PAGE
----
How To Fix Low Self-Esteem In Your Marriage

Last week, we met Mimi and Jordan, a lovely young couple whose dating relationship was marked by Mimi being attracted to Jordan precisely because he did not fawn over her. Mimi, although very pretty, smart, and nice, had low self-esteem. She kept that well-hidden with great social skills but in her heart of hearts she did not believe in herself; she felt weak and unsure. Therefore, if a boy would be too admiring, she foolishly felt that it could only mean one thing: He would expect her to take leadership in the relationship and that was something she didn’t feel she could do. Jordan was reserved. He was a responsible person and a hard worker and did not seem to expect anything from Mimi except to be there for him. Oddly enough, once the marriage got underway, Mimi felt the absence of the very thing she had been afraid of in other boys — attention. Actually, this makes sense: The attention made her insecure while dating but once married she felt needy because of her own insecurities. The more she complained to Jordan, the more irritated he felt; she was no longer the same sweet girl he had been dating. Now that Mimi and Jordan have been married for six months and the marriage seems to be heading to that unnecessary and terrible place starting with the word “d,” is there a way to avert this tragic next step? Of course there is. Mimi and Jordan engaged in a short course of counseling to address three issues: Mimi, Jordan, and them. Issue #1: Mimi: Mimi needed a little time...

The Most Important Thing You Must Do When Dating

Mimi was all excited. She was getting ready for a first date with Jordan. She was looking forward to the date because she had heard such glowing reports about him from all his references: He was smart, likable, and a great earner. Jordan was punctual, a good quality. He smiled very pleasantly at Mimi as she opened the door. Jordan took Mimi to a coffee shop inside a hotel lobby not terribly far away. He was very proper; he did the polite things like opening doors for her but he also held himself back a little, too. When there were those awkward silences over coffee, Jordan didn’t seem to need to rush in to fill the silence or smile with embarrassment. He simply sipped his coffee slowly and carefully and waited patiently until one of them would think of something to say. Mimi, herself felt somewhat uncomfortable with those moments and Jordan didn’t rush in to salvage her from them. It felt to Mimi, in a strange sort of way, good: He was giving her space to be who she was, awkward and all. She would look up and be the one with the nervous smile. At the end of the date Mimi honestly didn’t know whether she had impressed this boy favorably or not. That was unusual; generally, they made it clear that they found her interesting and attractive. Instead of enjoying all that admiration, it would unsettle Mimi; if a boy needed her, then whom did she lean on? But Jordan was different; he held himself back and this was another example of it. As a result,...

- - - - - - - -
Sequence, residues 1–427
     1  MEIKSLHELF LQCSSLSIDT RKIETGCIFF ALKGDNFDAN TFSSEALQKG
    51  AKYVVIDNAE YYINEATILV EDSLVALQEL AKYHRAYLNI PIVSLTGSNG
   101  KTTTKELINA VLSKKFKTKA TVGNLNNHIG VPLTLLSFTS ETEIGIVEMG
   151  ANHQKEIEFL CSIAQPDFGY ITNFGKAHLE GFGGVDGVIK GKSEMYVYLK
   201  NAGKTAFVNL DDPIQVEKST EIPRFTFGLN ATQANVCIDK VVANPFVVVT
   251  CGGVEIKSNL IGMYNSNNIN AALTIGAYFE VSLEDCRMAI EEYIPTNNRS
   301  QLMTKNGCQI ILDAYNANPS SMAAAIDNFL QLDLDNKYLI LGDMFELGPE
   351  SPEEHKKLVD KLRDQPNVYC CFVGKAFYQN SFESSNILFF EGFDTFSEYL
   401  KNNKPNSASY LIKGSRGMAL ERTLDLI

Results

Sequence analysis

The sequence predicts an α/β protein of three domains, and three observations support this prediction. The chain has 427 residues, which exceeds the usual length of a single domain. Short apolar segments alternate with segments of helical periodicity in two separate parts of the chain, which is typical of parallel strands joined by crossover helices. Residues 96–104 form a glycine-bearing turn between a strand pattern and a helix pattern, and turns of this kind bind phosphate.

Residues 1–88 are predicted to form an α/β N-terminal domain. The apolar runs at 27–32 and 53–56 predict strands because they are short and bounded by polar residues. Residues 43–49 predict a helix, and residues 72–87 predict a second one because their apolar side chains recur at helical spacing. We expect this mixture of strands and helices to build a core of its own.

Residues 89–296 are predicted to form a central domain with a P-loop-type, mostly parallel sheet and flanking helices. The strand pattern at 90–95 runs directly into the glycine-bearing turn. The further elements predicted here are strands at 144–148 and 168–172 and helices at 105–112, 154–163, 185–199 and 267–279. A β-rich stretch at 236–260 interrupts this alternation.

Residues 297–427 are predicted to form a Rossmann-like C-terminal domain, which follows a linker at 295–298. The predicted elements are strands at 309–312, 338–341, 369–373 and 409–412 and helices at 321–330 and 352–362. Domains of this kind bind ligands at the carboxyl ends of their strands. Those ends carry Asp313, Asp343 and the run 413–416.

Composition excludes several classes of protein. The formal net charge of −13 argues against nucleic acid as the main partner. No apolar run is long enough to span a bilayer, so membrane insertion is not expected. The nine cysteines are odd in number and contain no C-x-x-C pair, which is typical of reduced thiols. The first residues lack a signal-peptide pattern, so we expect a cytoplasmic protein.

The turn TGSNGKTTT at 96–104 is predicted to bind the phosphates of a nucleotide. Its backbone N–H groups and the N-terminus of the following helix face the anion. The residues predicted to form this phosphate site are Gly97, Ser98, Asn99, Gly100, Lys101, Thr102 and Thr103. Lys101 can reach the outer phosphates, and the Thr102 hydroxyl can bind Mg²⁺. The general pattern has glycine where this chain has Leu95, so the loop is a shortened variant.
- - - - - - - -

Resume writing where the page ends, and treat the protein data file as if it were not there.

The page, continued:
6 Ways To Understand Abusers & 10 Ways to Reconciliate